For today, the focus will be all around the responsive web design. So moving to the next slide. What is Galen framework? The Galen framework has been out there for a little over a year. We are seeing a lot more traction and enterprises start adopting the Galen framework. The very cool features I would say a powerful feature of Galen framework is entirely built on top of Selenium. So as we have been using Selenium. A lot of folks are using Selenium for functional automation for quite a long time.
So for them to adopt the Galen framework is very easy because since they’ve been built on top of that it provides a specific language on top of Selenium to do the UI and visual layout testing. Right. So basically it supports both the desktop browsers as well as mobile web. As we have seen in the responsive web design though it is targeted for the mobile devices with the different found factors, but for the testing purpose you can use it within the desktop itself. You can resize the window automatically the applications that is UI. Right.
So it has you to do the automation within the local environment when you want to test the different UI layout. By nature, it’s built on Selenium. So pretty much you have access to the entire cloud system that is available for Selenium like Soft Labs or Browser stage or open stage or any solution that you want to use for your web for kind of a scalability purpose. Galen framework supports all of it. Right. So moving along to the next slide. It takes a little bit of time to … so basically, how does it work? I mean, it’s very similar to Selenium. It’s not going to be any different from the execution from the architecture perfect.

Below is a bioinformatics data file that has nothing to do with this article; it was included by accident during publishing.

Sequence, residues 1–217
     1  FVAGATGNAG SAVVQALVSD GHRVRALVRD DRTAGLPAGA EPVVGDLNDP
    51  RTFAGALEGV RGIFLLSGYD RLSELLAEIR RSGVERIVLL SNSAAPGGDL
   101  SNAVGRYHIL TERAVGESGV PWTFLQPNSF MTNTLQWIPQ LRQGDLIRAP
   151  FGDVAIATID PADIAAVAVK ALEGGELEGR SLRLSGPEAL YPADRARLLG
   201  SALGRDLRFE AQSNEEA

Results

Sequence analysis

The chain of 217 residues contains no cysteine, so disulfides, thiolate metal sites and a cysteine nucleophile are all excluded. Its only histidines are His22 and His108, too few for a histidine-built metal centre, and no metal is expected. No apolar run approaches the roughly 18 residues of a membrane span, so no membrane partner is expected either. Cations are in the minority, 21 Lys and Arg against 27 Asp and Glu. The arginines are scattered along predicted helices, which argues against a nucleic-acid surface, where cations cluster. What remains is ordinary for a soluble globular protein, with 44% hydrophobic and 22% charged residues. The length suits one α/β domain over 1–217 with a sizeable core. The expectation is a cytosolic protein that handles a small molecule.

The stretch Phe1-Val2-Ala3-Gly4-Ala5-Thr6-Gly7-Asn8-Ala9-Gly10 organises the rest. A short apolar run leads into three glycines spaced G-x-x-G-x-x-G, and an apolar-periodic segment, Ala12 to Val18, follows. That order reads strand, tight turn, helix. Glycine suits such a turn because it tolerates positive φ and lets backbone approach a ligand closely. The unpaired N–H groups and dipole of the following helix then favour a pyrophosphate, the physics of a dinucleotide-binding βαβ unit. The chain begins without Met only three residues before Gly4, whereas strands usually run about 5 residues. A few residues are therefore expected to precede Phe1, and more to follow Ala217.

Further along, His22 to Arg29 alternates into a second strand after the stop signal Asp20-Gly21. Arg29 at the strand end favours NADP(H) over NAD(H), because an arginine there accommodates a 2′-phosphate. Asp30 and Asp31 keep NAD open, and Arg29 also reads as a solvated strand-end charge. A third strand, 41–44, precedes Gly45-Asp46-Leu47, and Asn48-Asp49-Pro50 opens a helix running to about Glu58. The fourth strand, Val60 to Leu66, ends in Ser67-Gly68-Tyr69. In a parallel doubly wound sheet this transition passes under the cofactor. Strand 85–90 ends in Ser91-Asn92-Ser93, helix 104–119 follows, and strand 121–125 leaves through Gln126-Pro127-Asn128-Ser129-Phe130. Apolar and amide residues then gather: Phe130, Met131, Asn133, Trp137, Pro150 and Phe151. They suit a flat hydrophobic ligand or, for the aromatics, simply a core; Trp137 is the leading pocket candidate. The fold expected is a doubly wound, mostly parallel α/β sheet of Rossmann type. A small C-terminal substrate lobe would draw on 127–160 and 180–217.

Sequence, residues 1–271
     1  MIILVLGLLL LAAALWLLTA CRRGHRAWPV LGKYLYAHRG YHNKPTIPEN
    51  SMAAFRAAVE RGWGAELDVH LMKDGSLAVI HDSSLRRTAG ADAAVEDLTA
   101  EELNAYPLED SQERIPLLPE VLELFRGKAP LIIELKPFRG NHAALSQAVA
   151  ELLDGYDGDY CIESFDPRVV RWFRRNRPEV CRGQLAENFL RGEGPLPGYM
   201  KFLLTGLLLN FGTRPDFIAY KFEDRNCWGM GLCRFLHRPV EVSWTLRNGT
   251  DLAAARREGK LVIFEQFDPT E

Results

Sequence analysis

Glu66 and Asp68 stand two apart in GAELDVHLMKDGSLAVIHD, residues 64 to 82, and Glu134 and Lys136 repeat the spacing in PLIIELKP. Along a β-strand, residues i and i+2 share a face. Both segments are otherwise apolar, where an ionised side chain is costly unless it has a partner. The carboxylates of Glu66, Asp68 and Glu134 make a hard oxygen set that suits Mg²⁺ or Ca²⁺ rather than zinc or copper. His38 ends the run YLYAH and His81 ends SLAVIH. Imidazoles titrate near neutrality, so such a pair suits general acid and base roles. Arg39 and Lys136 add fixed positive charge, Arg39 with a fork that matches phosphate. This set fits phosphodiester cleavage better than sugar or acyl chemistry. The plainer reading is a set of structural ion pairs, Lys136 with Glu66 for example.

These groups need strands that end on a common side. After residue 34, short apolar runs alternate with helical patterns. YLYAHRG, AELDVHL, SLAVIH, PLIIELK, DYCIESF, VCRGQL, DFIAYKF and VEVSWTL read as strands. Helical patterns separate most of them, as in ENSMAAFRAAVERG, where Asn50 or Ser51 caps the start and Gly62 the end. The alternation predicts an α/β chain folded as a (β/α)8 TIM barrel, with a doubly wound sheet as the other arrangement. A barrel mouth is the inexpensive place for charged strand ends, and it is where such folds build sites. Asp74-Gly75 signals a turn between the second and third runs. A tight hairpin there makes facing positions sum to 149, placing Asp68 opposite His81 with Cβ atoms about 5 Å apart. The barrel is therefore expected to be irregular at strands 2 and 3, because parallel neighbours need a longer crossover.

It goes through the same steps that Selenium regularly would. What Galen framework allows you to do is kind of interject the solution or the validation more specific to the UI layout. So there you can see what is the order of the elements that you are looking for. What is the color? What is the relationship between one object to another object? So it can provide all of that. Galen framework or the Galen specs. So you provide the specifications of the different objects and put the relationship of the association of those objects in a spec file.
So we can see in a real example so you will be able to kind of understand how the specification files are done. If you are to change, you can see how the specification looks like. Right. It has very basic feature that you would expect from any framework in terms of reporting, in terms of the data it collects, and in terms of the reports, in terms of the screen charts, and how you can accurately identify the error and helps you to kind of get down to the specific problems. Right. It has a built in image comparison. You can use that to the image comparison.
You can also verify through a specific part of the screen. That’s the way Galen framework works. You can also go to the Galen framework website to read more about it. Before I go into the details, I just want to kind of get the response. So as you can see, we are also seeing a lot more in the industry the adoption of the responsive web design. It’s kind of slowly we are seeing that the enterprises are moving towards the responsive web design as it becomes a lot more standard in the industry. The applications are kind of moving towards all the responsive web design based architecture.
As opposed to just I agree totally that responsive web design is coming toward a lot more to the standard. Right. So just to go into the actual demo that we will be doing today, right. Using the Galen framework, I’m taking Tesla Models website as an example. So as you can see in the screenshot, this is two issues that they are kind of trying to validate. One is between the desktop version and mobile version. It’s kind of two different screen size. As you can see, there are like you can see two or three major changes between one version to another version. One is the order of the buttons.